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1914-1918
Charles Nesfield Andrewes
Frederick Balchin
Henry Bennett
Charles Bradford
William Burgess
Arthur Chessall
James Compton
Aldwyn Custance
Charles Deacon
Frank Eames
George Fuggles
Isaac Gratwicke
Peter Gratwicke
Alfred Hide
Charles Howell
John Huntley
Arthur Kennard
Henry Kensett
Sidney Kensett
Bernard Laker
Frederick Laker
Frederick Lewry
Philip Mitchell
Thomas Owen
William Parsons
Charles Rapley
Charles Roberts
Arthur Rush
William Sayers
Alec Shoubridge
Thomas Shoubridge
Frank Simmons
James Standing
Albert Welcome
Frederick Whitner
James Willis

1939-1945
Frederick Boniface
Charles Bourne
Alexander Buller
John Corbet-Ward
Richard Corbet-Ward
Alfred Godward
Norman Gratwicke
Vivian Hughes
Harry Jones
Charles Knight
Frank Knight
John Lawson
Lawrence Moore
James Steadman
Herbert Turk
Charles Wieland
Richard Wykes


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Southwater War Memorial

1914-1918

Name Frank Henry KNIGHT
Regiment 1380457 Sergeant (Wireless Operator/Gunner No 51 "York" squadron, 4 Group Air Force Volunteer Reserve
Died 4th April 1943
Age 31
Cemetery Hills Cemetery, Horsham
Frank Henry Knight was born in Horsham on 4th April, 1912, one of eight children of Edward James Knight and his wife, who lived at 2, Magpie Cottage, Sedgwick Lane, Horsham. On 14th January, 1905, Edward had married Ellen Eliza Burchell at Nuthurst Parish Church. At least three of Frank's brothers are known to have served in the armed forces during the Second World War. After attending Oxford Road School in Horsham Frank took up the occupation of domestic gardener and before the war worked for the Reverend Lubin S. Creasy at Southwater vicarage. As a sportsman he was a keen golfer and a member of Mannings Heath Artisans Golf Club, where he was awarded a number of trophies. Prior to joining the Royal Air Force Volunteer Reserve in 1941, he served as a member of the Mannings Heath Home Guard. Frank Knight was accepted for aircrew duties and trained as a wireless operator/gunner, before being posted, with the rank of sergeant to an operational unit, No 51 Squadron, which in 1943 was based at Snaith, Yorkshire. The squadron had been disbanded on 13th June 1919, and re-formed on 15th March 1937, at Boscombe Down, where it was equipped with Avro Anson Mkt aircraft. In the same year it received Whitley B.1 & B.4 Bombers and was located at Linton-on-Ouse. By 1939 the squadron was operating from Driffield, Yorkshire, with Whitley B5 aircraft. The squadron carried out leaflet raids over Germany in the early part of the war and later, in conjunction with No 58 Squadron, it took part in the first Bomber Command raid over Germany. In 1941 it was equipped with the Hadley Page Halifax B.1. Stationed initially at Dishforth, Yorkshire, in 1943 the squadron was moved yet again during the same year, this time to Snaith flying the upgraded Halifax B.2/1a. On the evening of Saturday, 3rd April, 1943, a Halifax B2/1a, Serial No DT666 with a squadron coding of MH-T, took off from Snaith airfield on an operation to bomb the city of Essen in the German industrial centre of the Ruhr. On board was a crew of seven sergeants, C.E. Pheloung RNZAF, (pilot) B.W. Kemp, W.R. McKenzie, D.G.Fakely, F.H. Knight, J.J. Merritt and B. Williams, RNZAF. The bombing of Essen was carried out by 225 Lancasters, 113 Halifaxes and 10 Mosquitoes, a total of 348 aircraft. There was widespread destruction in the centre and west of the city, 635 buildings destroyed and a further 526 seriously damaged. 118 people were killed, including 10 Flak gunners and 16 French workers; the rest were German civilians. During the successful raid 12 Halifaxes and 9 Lancaster bombers were lost plus two further Halifaxes that crashed in England one of which was MHT. "On return to base, and while in the airfeld circuit, a fire developed and the Halifax crashed 0025 at Shortland's Farm, Carlton, 7 miles SSE of Selby, Yorkshire, where Sgt Pheloung RNZAF is buried." Sergeants Kemp, Mckenzie, Fakely and Williams were all injured and survived the crash, the remainder of the crew perished. Thirty-one year old 1380457, Sergeant Frank Henry Knight had been killed on his birthday. The body of the Horsham airman was returned to his home town and, after a funeral with full military honours, he was laid to rest on Thursday, 8th April, 1943, in Block U, Grave 314 at Horsham (Hills) Cemetery. The name of F.H. Knight is among those who gave their lives during the Second World War and are commemorated on the Horsham War Memorial located in the town centre.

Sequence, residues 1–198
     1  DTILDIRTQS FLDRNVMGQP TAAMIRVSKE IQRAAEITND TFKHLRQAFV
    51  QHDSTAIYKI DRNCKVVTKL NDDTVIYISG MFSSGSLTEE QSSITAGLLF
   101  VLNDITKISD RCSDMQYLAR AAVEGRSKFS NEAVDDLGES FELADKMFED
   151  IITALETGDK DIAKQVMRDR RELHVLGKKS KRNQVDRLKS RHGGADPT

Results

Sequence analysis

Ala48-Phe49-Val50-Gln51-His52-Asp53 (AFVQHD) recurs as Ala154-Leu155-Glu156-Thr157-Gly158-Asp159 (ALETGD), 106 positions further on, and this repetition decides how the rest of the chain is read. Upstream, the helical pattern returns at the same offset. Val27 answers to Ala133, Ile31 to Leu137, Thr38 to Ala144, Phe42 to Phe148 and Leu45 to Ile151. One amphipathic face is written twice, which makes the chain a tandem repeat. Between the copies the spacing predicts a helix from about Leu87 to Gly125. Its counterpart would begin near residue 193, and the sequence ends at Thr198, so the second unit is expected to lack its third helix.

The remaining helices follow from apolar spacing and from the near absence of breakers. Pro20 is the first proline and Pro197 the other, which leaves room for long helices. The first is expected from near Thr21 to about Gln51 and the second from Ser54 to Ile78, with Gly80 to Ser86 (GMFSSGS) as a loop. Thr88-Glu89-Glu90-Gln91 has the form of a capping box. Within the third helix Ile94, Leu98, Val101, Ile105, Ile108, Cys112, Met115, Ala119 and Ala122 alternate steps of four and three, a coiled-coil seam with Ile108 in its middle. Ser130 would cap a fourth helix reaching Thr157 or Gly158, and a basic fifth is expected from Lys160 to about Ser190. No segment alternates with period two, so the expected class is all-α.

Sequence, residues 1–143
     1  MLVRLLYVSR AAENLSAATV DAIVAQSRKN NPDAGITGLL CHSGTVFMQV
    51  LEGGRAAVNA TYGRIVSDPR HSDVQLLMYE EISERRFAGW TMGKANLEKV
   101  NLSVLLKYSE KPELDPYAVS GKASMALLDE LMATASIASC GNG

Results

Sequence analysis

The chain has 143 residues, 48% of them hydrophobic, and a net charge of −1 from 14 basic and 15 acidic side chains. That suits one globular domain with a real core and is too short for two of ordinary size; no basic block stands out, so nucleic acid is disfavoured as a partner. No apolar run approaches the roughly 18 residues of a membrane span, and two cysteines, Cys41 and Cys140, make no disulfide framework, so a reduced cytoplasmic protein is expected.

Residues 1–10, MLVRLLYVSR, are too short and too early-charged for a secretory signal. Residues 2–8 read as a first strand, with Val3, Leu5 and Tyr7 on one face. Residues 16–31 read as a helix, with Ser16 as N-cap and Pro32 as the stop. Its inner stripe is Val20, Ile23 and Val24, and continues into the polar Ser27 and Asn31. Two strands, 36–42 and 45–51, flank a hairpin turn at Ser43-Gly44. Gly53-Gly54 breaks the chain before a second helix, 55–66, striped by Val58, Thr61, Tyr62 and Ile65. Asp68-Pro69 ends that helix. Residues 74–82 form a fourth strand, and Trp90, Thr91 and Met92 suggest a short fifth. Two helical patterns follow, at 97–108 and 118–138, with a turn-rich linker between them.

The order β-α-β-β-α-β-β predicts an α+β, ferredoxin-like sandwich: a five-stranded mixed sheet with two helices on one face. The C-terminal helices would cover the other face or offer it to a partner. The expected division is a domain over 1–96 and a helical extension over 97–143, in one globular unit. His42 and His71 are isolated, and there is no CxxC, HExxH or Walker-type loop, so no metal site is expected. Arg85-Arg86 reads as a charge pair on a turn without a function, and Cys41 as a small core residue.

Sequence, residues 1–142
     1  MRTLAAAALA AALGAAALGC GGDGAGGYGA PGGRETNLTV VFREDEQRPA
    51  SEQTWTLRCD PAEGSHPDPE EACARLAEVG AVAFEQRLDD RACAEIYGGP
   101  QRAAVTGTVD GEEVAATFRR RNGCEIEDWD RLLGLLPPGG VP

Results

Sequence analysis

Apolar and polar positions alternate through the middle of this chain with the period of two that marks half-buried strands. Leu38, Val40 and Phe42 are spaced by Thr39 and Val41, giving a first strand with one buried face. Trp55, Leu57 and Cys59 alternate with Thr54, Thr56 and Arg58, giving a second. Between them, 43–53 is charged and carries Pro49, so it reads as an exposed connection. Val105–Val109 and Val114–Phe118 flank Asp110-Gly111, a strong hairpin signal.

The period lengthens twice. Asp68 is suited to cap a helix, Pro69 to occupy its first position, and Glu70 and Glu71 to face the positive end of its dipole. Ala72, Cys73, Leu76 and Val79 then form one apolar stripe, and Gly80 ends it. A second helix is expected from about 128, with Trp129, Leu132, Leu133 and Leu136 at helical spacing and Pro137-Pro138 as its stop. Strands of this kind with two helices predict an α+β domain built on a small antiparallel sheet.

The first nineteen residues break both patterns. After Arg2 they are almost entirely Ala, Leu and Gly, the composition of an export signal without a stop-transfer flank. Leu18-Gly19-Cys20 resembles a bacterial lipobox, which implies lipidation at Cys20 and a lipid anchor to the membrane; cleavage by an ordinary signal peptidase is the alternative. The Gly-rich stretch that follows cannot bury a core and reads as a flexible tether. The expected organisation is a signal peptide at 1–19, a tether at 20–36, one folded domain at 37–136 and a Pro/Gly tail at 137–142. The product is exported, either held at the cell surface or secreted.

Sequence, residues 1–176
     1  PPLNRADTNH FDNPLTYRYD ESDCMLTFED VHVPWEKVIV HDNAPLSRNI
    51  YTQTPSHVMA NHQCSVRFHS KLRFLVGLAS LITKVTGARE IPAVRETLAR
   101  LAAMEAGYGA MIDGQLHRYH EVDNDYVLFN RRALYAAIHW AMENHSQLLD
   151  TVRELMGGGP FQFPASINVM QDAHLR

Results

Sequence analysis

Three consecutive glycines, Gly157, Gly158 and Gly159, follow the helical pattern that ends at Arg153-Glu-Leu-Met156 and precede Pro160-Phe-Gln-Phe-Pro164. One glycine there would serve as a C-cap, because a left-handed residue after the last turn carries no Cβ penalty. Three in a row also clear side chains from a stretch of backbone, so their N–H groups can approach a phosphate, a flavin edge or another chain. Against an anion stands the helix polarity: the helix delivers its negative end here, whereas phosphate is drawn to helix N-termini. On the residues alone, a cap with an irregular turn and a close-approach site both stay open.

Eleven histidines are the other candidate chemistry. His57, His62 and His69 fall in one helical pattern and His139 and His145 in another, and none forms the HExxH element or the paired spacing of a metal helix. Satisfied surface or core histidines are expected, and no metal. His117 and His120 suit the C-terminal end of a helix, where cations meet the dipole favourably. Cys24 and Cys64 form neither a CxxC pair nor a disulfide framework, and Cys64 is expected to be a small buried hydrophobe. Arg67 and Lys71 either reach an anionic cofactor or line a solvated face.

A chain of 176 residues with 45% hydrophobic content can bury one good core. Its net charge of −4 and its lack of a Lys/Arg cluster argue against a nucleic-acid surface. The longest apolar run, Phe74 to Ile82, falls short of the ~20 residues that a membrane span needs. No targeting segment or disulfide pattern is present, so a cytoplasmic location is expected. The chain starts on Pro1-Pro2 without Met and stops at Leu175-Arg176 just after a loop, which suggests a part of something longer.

Thanks to Gary Cooper "Horsham Heroes of World War II


Hills Cemetery, Horsham